UK exports of fresh/frozen pork fell 15% in December

After four months of strong growth, UK exports of fresh/frozen pork fell 15% in December compared with a year earlier, to 16,100 tonnes, AHDB has reported.

Shipments to China and the Netherlands increased, but this was offset by declining exports to Denmark and Hong Kong. The decline in trade with Hong Kong was larger than the growth to China, meaning the region took less UK pork overall.

In contrast, offal exports increased by 10% in December, compared to the previous year. In this case, there was increased demand from China, which drove the overall increase.

Felicity Rusk, an analyst at AHDB Pork, said that thanks to growth earlier in the year, UK exports of fresh/frozen pork reached 217,700 tonnes in 2018 overall, 1% higher than in 2017. This was not enough to compensate for lower prices, and so value actually declined by 1%, to £292 million.

She said: “Looking at pig meat and offal overall, exports totalled 346,500 tonnes, 4% more than in 2017, driven by increased shipments of offal products.

“In December, UK imports of fresh/frozen pork fell 5% compared to the same month in 2017, to 35,800 tonnes. The gap between EU and UK prices narrowed in December, possibly relieving some of the import pressure felt in the previous two months. However, the gap widened again in January, so the relief may not continue into the New Year.”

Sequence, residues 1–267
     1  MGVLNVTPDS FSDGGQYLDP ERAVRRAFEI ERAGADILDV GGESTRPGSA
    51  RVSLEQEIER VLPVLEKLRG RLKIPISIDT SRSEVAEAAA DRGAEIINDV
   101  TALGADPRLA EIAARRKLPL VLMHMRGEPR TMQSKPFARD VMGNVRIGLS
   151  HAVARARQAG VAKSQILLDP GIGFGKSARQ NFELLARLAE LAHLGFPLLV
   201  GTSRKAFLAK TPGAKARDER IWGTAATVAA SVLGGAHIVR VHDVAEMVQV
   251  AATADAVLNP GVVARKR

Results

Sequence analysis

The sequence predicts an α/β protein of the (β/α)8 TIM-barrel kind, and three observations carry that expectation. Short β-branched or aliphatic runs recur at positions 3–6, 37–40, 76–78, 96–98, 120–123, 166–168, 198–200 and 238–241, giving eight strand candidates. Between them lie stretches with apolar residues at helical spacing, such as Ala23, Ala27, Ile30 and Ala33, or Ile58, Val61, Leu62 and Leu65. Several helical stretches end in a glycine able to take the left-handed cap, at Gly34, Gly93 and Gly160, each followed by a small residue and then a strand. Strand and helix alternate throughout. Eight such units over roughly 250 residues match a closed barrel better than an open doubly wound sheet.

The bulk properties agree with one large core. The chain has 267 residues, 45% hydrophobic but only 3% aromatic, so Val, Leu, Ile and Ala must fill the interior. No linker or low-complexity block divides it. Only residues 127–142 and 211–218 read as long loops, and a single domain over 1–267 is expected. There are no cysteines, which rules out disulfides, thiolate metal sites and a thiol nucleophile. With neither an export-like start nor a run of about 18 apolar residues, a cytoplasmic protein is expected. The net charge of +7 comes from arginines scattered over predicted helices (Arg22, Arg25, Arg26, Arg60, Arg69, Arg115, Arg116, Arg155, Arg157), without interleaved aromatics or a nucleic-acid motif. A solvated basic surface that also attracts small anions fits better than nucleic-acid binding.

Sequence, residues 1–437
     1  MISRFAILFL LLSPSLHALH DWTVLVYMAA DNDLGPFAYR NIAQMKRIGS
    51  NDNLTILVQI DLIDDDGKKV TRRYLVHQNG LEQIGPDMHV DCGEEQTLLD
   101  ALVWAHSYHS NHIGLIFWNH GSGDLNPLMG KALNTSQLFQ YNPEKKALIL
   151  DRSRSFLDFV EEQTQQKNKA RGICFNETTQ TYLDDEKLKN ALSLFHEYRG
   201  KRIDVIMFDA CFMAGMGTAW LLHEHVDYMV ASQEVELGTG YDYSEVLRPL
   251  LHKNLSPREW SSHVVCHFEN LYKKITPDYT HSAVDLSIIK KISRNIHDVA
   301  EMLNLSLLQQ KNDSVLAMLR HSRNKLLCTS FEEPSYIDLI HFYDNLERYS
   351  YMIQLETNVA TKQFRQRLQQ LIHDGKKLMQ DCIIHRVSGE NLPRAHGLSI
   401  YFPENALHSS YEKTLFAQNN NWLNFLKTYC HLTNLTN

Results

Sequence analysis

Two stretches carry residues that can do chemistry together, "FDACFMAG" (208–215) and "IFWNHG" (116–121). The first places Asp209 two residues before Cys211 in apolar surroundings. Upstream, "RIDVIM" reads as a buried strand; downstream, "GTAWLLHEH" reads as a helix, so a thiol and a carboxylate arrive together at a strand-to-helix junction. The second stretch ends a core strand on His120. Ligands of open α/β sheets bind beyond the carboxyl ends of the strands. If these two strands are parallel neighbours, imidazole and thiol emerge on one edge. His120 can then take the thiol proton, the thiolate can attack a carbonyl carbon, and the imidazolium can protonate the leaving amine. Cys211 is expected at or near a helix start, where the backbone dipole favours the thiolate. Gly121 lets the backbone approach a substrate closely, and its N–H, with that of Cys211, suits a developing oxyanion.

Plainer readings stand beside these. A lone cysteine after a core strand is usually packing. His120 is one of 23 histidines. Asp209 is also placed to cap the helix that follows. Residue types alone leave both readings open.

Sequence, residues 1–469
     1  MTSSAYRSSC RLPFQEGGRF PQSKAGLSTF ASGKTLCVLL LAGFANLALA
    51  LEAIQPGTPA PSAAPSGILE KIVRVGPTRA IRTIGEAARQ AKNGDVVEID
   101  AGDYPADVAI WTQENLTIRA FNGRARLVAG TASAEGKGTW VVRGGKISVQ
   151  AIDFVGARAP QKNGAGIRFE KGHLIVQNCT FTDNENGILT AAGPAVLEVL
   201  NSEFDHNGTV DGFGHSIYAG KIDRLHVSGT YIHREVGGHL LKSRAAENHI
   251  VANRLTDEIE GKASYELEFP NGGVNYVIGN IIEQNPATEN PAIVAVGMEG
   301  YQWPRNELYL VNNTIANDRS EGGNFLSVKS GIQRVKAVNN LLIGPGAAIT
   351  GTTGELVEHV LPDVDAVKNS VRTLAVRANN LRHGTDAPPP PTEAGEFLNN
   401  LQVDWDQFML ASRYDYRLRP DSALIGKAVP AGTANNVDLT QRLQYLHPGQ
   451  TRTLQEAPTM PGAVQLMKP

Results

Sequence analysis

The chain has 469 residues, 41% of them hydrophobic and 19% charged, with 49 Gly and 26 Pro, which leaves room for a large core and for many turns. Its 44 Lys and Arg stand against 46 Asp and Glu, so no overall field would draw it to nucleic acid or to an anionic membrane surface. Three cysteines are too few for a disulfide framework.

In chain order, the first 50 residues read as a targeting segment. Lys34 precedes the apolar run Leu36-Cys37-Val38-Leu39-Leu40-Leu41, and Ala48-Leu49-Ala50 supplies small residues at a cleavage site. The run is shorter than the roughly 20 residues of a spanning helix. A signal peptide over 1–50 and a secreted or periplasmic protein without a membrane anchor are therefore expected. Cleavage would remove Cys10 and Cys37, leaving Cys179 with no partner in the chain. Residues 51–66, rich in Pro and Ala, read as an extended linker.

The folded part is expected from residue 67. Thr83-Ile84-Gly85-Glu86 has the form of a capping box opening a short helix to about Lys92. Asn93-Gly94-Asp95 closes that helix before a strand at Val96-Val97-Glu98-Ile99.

AHDB reported that imports from Denmark reportedly dropped off considerably in December (-3,600 tonnes). However, the impact of this was softened by an increase from Belgium (+1,100 tonnes) and most other key suppliers.

Ms Rusk added: “Bacon imports also dropped 5% in the same month, to 16,600 tonnes. Trade with Denmark and Germany fell, although there was an increase in shipments from the Netherlands.

“Sausages increased by 66%; this was driven by a very large increase from Ireland that does not match the Irish trade data so should be viewed with caution. Overall, imports of pig meat and offal in 2018 totalled 987,500 tonnes, a modest decline (1% or 10,200 tonnes) below 2017 levels.”

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